Thursday, June 25, 2015

Two Minutes of Torah: Chukat - Time for a Change

When I began my college career, I was a student of history.  It had been my favorite subject at school so there was no question that it would be the subject for my college studies.  But very soon in that first year, I began to realize that history at college was not the same as history at school.  Despite this, it took me another full year until the end of the second year to work up the courage to say to my history teacher that I wanted to transfer to theology, where I eventually completed my studies and was much more engaged and happy. 

Change is difficult.  And, while we might realize that a change is necessary, it can still be hard to act upon that situation.  In this week’s Torah portion, as we emerge from the stories of the spies and the decree that that generation will not live to see the Promised Land, we get the story of the Waters of Meribah.  

The people complained to Moses and Aaron that there is no clean water and so Moses and Aaron go to God.  God speaks to Moses, saying, “you and your brother Aaron, take the rod and assemble the community and before their very eyes, order the rock to yield its water.  This way you shall produce water for them from the rock and provide drink for the congregation and their beasts.” 

When Moses gets to the rock together with Aaron with the assembled congregation, he is clearly angered by the people and says “Listen you rebels…” and then Moses raises his hand and strikes the rock twice with the rod and out comes the water.  While the people get the water that they need, God then says to Moses and Aaron, “because you did not trust me enough to affirm my sanctity in the sight of the Israelite people, therefore you shall not lead this congregation into the land that I have given them.”  

We must remember that God was the one who instructed Moses to take the rod with him, placing that rod in Moses hand, and therefore was it not inevitable that Moses would use it in some way.  And, yet, it’s because of this action that God decrees that Moses and Aaron shall not enter into the Promised Land.

We might think that the punishment was a little bit extreme, but we might also wonder, if God realized that perhaps the time for a change had come and that this was some kind of test of Moses.  How would he react with a rod in his hand, the people before him and the task of speaking to the rock.  In that instant, rather than talking to the rock, the anger, the frustration got the better of him.  And, so he struck the rock twice, instead of talking to it.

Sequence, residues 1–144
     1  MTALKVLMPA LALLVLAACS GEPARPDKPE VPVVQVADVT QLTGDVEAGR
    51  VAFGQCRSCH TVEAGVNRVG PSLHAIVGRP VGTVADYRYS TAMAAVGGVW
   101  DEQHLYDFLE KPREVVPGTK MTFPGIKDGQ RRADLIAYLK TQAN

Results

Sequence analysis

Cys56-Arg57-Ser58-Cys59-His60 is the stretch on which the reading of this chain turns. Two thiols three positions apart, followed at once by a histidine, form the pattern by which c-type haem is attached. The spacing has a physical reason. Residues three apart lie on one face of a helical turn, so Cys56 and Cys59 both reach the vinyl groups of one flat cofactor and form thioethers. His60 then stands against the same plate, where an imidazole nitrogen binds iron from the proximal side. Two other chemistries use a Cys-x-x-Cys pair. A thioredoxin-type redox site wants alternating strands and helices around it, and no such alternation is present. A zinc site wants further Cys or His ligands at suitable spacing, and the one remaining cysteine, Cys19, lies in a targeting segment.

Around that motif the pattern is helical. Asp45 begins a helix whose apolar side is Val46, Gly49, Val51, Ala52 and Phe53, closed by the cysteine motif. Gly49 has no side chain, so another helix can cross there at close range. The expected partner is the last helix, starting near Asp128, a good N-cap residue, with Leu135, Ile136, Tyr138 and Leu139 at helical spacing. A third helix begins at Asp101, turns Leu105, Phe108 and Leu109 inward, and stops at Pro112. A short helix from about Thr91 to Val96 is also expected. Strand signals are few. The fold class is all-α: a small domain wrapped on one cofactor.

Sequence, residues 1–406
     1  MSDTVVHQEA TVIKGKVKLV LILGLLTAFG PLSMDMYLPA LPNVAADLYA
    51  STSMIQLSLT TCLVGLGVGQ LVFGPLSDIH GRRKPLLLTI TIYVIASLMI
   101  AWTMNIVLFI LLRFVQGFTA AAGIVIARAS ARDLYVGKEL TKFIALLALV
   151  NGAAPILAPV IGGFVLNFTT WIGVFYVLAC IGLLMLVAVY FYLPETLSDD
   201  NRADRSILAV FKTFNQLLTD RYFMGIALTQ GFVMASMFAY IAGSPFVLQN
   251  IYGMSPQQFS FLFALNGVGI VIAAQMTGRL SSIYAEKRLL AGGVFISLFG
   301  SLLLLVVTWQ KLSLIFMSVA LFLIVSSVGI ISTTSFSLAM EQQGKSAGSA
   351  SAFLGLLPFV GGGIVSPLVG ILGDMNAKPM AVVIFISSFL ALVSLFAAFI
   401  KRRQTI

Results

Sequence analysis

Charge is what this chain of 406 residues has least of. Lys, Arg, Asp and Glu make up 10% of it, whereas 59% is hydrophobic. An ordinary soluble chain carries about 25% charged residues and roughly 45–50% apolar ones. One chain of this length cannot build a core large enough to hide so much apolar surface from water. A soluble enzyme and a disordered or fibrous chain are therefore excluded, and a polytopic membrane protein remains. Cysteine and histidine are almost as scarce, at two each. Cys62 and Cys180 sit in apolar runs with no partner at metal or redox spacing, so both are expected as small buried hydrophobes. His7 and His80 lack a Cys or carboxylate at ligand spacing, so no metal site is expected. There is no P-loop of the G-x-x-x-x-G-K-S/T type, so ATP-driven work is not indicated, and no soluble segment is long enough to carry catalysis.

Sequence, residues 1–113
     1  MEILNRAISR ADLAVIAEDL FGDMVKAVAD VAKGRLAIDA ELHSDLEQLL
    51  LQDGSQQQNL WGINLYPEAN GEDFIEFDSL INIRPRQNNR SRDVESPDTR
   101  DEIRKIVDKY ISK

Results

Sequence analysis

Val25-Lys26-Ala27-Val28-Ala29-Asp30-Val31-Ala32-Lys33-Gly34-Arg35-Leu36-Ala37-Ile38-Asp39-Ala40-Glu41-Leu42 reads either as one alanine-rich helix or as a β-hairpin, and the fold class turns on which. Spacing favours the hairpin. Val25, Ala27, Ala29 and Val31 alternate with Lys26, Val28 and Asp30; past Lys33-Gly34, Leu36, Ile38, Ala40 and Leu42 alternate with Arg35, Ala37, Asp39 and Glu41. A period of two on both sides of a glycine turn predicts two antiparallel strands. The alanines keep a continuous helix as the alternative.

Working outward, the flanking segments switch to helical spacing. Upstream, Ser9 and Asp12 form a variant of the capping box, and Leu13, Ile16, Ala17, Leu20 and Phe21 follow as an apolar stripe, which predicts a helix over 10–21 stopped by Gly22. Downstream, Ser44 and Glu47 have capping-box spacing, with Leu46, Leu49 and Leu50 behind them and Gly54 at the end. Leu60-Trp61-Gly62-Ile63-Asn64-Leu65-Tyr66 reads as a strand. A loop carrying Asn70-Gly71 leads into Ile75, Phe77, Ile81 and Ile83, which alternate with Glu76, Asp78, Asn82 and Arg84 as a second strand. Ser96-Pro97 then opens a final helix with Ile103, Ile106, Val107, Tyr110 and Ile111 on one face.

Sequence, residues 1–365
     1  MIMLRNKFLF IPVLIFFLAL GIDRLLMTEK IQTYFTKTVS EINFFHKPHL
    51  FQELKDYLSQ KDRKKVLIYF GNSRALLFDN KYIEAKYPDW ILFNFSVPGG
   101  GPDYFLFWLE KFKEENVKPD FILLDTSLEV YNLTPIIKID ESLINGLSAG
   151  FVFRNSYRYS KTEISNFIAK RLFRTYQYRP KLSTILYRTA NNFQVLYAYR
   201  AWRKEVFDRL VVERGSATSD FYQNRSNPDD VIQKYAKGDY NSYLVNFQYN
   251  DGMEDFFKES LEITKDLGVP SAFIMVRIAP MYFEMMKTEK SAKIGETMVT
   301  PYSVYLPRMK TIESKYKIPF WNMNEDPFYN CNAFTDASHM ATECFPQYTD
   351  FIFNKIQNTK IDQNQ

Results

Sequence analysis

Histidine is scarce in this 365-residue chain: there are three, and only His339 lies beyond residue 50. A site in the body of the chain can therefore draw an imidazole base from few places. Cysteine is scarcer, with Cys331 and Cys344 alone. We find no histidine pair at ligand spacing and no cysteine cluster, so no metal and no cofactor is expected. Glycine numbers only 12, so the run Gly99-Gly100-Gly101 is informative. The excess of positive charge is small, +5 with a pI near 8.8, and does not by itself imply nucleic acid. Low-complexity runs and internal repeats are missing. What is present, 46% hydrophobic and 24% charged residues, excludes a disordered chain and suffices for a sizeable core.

While, this, in and of itself, might not have seemed like such a sin, or a crime worthy of the punishment of not entering into the Promised Land, it may have been the sign that God was waiting for to know that the time for a change had come.  God might have suspected this as a result of the incident with the spies.  But now with this pretext, God allowed and set up the situation whereby change could happen.  And, to his credit, Moses just continues with the journey, sending messages to the King of Edom.  Perhaps he too knew that the time for a change had come. 

And, while it is never easy to change, sometimes it is necessary. 

Friday, June 19, 2015

Two Minutes of Torah: Korach - God's Protective Nature

Occasionally my wife has accused me of being over-protective when it comes to our daughter, Gabby.  This generally entails me following her around a little closer than I possibly need to when we’re at the playground and being ready to jump to her defense if it’s ever necessary and, often when it isn’t because I anticipate that it could be.  I am an over-protective parent but I take that as being part of my role in being her father.

And, in reading this week’s Torah portion, I think God is also over-protective when it comes to Moses and Aaron.  This week we read about Korach’s rebellion against Moses and Aaron’s leadership when he, together with Datan, Abiram and 250 Israelites assembled in front of our leaders.  And he challenged Moses saying, “you have gone too far, for all the community are holy, all of them.  And, Adonai’s in their midst, why then do you raise yourselves above Adonai’s congregation?”   

Korach’s challenge to Moses is striking because it is not a challenge against God, it is simply a challenge to Moses and Aaron as the leaders of the people.  And, Moses response is also telling in this way,  Moses does not call on God, when he falls on his face, instead he then speaks to Korach and his allies.  And in all of these exchanges, God is silent.  God is referenced by Moses, but we do not know what God is thinking.